I made myself into an LED mummy for science. Sort of.
Note: This post was written for the purpose of entertainment and idle speculation only. SparkFun products are not intended to diagnose, treat, cure or prevent any disease or affliction.
My wife and I recently welcomed an adorable new baby into our lives. He started out, as many infants do, with a case of jaundice. Among the remedies the doctors recommended was a fiber optic LED blanket, one that enabled us to facilitate phototherapy on our kiddo, reducing the level of bilirubin in his blood by blasting his skin with blue light. It was simple and easy - we just wrapped him up like a little human burrito in a tortilla of light. It sure seemed to do the trick.
I'll admit, I previously had no idea such a treatment existed, nor even that light of a specific wavelength range could have such remarkable curative powers. I see my child as a member of a bold new generation, one that will deliver mindblowing discoveries and innovations while facing down unprecedented challenges in the century to come. The thought that he entered this world looking like some bionic gloworm was fascinating to me as an artist, a nerd, a parent and, well, just generally someone who likes to fixate on weird things. What can I say, a new rabbit hole had opened up and I gleefully tumbled down, scouring the web to learn about various forms of phototherapy - proven, experimental and otherwise.
This led me to red LED phototherapy. I’ve dealt with severe rosacea most of my life, and while it’s more controlled now than it has been in two decades, it’s still far from perfect. I’ve tried a ton of remedies through the years, but never before had I been nudged in the direction of phototherapy. While blue light therapy has been demonstrated to be very effective in the treatment of jaundice, the effectiveness of red light in treating a variety of ailments seems to be a far more complex - but certainly compelling - subject.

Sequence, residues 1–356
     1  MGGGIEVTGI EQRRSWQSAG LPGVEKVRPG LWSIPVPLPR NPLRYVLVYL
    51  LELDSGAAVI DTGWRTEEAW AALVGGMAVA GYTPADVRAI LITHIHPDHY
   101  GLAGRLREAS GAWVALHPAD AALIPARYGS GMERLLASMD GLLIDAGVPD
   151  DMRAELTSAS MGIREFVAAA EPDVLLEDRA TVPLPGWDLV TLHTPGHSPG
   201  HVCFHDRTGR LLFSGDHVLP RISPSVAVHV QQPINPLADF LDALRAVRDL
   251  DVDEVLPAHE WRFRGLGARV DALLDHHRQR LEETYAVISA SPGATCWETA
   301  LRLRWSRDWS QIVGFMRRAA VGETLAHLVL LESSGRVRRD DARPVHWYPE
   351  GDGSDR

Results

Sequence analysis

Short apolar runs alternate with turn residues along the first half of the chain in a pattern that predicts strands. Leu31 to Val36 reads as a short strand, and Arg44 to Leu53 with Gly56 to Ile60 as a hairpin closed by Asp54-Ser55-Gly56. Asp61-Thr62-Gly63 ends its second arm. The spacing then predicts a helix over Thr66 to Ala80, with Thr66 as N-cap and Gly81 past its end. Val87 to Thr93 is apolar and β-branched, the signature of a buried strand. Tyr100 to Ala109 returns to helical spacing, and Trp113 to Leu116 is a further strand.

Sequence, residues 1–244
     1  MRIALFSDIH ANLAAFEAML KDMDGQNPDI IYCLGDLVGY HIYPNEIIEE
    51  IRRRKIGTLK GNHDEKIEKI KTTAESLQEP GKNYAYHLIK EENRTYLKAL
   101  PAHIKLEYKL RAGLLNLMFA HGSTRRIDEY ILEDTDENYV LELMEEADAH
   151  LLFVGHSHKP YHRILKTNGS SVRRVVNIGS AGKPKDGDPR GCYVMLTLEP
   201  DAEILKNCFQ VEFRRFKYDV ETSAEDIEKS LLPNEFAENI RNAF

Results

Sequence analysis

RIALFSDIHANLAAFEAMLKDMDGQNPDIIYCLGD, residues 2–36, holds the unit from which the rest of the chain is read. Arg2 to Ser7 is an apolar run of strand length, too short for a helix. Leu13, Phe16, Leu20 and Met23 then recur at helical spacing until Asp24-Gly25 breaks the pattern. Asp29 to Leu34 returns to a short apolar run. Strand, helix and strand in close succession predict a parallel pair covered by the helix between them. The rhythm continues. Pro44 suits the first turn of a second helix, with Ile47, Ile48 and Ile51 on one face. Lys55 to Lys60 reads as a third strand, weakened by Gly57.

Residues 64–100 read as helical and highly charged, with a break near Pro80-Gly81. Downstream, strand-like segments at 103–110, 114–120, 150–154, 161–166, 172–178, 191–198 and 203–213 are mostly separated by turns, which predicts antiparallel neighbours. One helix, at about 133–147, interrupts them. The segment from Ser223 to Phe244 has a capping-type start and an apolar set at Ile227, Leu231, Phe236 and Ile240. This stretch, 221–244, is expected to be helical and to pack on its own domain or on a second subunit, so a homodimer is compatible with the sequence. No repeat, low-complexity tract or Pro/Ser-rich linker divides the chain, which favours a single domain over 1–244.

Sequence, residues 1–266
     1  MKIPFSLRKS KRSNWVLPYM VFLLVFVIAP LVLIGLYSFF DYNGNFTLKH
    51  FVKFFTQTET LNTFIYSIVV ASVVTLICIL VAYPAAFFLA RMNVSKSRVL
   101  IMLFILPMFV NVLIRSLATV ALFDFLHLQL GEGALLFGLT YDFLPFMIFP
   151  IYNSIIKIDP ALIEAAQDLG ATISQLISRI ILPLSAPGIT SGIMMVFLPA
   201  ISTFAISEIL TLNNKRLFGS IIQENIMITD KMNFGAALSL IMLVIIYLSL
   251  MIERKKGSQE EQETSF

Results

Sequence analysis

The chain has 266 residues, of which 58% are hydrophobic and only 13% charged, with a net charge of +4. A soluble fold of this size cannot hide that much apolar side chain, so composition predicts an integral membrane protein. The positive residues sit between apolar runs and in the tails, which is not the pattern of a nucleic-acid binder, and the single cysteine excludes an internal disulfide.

Naturally, a great deal depends on what you’re attempting to treat and what technology and methods you’re employing. NASA in particular has conducted pioneering studies into the use of LEDs for biostimulation. I’m no astronaut, but figured I’d give it a shot all the same. Some dermatologists have tanning-booth style boxes you close yourself into, or for upwards of $500 you can buy a special mask, but those options seemed like far too much hassle and expense. I work at SparkFun - surely, I thought, I can DIY this business.
I started by combing our website to compare the various red LED products we offer and see what might the best match for my face. EL is bright and flexible, sure, but it seemed uncomfortable and a bit too high-power for my personal tastes. I didn’t want to zap my nose from a short. I was also concerned about too much heat. LEDs strips were intriguing, but these LED ribbons seemed just what the doctor (that doctor being me, who is not actually a doctor) ordered:
Covered in cloth, they’re soft and cozy, and all you need to power them is a few coin cell batteries. Target wavelengths in many commercially available red LED therapy devices tend to be in the 630 to 680 nm range. Inolux says the red LEDs on their ribbons have a dominant wavelength (Wd) of 624nm and a peak wavelength (Wp) of 632nm. Good enough?
My initial solution is, let’s say, inelegant. Now, I know what you're thinking - it looks like all I did was wrap my face in LED ribbons like a mummy. In fact, there’s a lot more to it than that. You see, first I hastily soldered coin cell battery holders to said LED ribbons. Then I wrapped my face in them.
Okay, sure, it’s not technologically sophisticated, but that’s a nice thing about these LED ribbons - they’re super easy to use. They're also extremely flexible; I double knotted them in the back of my head and they stayed on great. I recommend looking at our Product Showcase video for more tips and tricks. You may also find our Working with Wire tutorial helpful when it comes to soldering the little stranded core wires on these things. There’s a lot of great advice there that I probably should have heeded (and some that I did).
Did I alleviate my rosacea? Probably not. Did I freak out my coworkers? Maybe a little. This was no easy task - SparkFun employees tend to have a pretty high threshold for weird.